Syria’s heritage disappears in the fog of war

Friday 17/07/2015
Artefacts smuggled from Syrian city of Palmyra before they were destroyed by ISIS fighters

With its civil war grind­ing into a fifth year, Syria’s archaeologi­cal heritage is an increasingly high-profile victim of a shattered economy that allows some to profit from war. Precise figures are hard to come by but, activists claim, many people are cashing in.

The Islamic State (ISIS) is the armed faction most visibly exploit­ing the propaganda and material value of Syria’s heritage. After the ancient city of Palmyra fell to the group in May, ISIS decked out its Roman amphitheatre, once the site of cultural events, with its black flag and used it to stage and film the execution of regime soldiers.

Many fear ISIS will destroy Pal­myra’s historical sites, as the group did in Nimrud in Iraq. But this seems unlikely as there does appear to be method in the madness. ISIS used religious arguments to jus­tify its destruction of Nimrud. King Nimrod had declared himself a god and, according to Islamic scholars cited by the terrorist group, refused the invitation of the Prophet Abra­ham to worship God alone. As such, claims ISIS, the destruction of Nim­rud was a religious obligation to en­force the principle of Tawheed, the monotheistic unity of God.

According to a source in Pal­myra ISIS has destroyed only stat­ues that its members say may be worshipped, in keeping with the group’s extreme interpretation of Islam. This includes the 2,000-year-old Lion of Al-Lat statue, which the source says was destroyed. But ISIS has yet to release images of the de­struction as it had previously done. Palmyra’s ruins have been left un­guarded by the militants but locals remain too fearful to photograph the purported destruction.

Aside from high-profile acts of destruction, the fate of Palmyra’s heritage is unclear. The Arab Week­ly’s source confirmed that artefacts remaining in Palmyra’s museum were transferred by militants to an unknown location. Jaber Baker, spokesman for the Association for the Protection of Syrian Archaeol­ogy, which tracks looting and dam­age of Syria’s archaeological herit­age, says much of it probably ends up for sale in Turkey.

“According to the latest infor­mation to reach me from Palmyra, large amounts of artefacts have been moved in the direction of Raqqa,” Baker said, “and from there across the Turkish border via mid­dlemen and large smuggling net­works.”

ISIS militants are not the only ones cashing in, says Baker. The fate of artefacts supposedly rescued by the Assad regime before the fall of cities to ISIS or other opposition factions is largely unknown. This includes the majority of the arte­facts from Palmyra’s museum.

“In every area that has changed hands from the regime to the op­position or extremist organisations like ISIS it is a fact that nobody knows where the artefacts have gone,” said Baker.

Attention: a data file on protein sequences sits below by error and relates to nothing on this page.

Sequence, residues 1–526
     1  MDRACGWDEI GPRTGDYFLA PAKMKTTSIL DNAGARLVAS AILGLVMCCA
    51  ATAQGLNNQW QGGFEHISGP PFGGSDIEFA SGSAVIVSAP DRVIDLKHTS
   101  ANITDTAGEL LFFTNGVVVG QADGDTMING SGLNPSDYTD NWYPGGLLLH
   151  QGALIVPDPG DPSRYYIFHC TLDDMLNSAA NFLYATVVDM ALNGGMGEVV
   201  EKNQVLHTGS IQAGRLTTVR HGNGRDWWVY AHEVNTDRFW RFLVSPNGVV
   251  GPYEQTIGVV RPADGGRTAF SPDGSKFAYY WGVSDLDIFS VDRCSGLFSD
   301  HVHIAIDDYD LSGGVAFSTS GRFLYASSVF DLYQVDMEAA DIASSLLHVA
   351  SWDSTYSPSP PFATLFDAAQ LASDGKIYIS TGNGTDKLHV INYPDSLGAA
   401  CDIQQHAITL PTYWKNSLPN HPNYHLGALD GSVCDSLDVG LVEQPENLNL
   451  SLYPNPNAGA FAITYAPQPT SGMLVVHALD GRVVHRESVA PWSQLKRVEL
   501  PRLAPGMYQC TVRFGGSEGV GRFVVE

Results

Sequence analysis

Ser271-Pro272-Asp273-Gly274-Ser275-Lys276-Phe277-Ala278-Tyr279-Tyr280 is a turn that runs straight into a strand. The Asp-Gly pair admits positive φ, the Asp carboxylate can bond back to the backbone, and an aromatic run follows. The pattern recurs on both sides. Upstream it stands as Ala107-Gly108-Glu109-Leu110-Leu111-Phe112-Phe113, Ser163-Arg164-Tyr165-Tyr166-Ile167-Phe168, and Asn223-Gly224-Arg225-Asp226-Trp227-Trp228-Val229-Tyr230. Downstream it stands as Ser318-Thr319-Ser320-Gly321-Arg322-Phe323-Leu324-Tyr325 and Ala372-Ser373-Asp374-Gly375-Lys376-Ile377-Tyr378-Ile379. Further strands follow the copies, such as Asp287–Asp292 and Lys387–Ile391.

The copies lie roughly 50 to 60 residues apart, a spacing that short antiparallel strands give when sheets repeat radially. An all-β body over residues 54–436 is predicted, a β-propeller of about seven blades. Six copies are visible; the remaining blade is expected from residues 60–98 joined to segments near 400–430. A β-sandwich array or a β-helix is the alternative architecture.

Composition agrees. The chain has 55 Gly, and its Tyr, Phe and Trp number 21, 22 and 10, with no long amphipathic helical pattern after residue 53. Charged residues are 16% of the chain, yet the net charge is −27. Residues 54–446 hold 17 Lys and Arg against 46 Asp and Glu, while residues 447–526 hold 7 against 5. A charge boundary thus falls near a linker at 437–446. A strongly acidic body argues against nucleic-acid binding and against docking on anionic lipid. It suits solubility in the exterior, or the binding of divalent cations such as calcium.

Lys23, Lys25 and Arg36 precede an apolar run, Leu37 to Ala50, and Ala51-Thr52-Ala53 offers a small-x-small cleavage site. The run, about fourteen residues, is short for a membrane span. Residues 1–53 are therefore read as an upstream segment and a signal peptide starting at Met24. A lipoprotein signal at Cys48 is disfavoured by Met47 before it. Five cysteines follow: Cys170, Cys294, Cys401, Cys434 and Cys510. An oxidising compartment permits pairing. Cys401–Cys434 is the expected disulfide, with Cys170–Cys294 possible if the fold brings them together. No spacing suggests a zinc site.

“The Ministry of Antiquities has only given abstruse statements that the artefacts of the museums in Idlib and Palmyra have been trans­ferred to a safe place, [but] the fate of these artefacts is completely un­known.”

What is known is that the num­ber of Syrian antiquities for sale in Turkey and Lebanon is on the rise. Artefacts found on the market in Turkey, claims Baker, had been looted by either ISIS or rebel fac­tions, while the Lebanese market is supplied by members of the Assad regime.

“All of the Lebanese border cross­ings are under the control of the regime,” said Baker. “I hold the re­gime responsible for neglect and sometimes participation in one form or another, as we are talking about large artefacts. Mosaics con­fiscated in Beirut were large.

The smallest one was 1 square metre.”

The sale of Syria’s heritage to the highest bidder has historical prec­edent for Syria’s Ba’athist regime. During the rule of Hafez Assad, senior regime figures amassed large fortunes from the sale of antiqui­ties. The old smuggling networks work with both the regime and op­position, depending on their area of operation, and have been sup­plemented by new networks, says Baker.

“I sent someone to Syria posing as a trader in antiquities,” he said. “He took many photographs claiming that he would show them to cus­tomers in the West. A lot of the pic­tures are of counterfeit artefacts… but there were pictures of complete mosaics still in the ground being excavated. The operation was be­ing overseen by an emir in Jabhat al-Nusra. He considered it a kind of business and did not care who he sold to as long as he got the highest price.”

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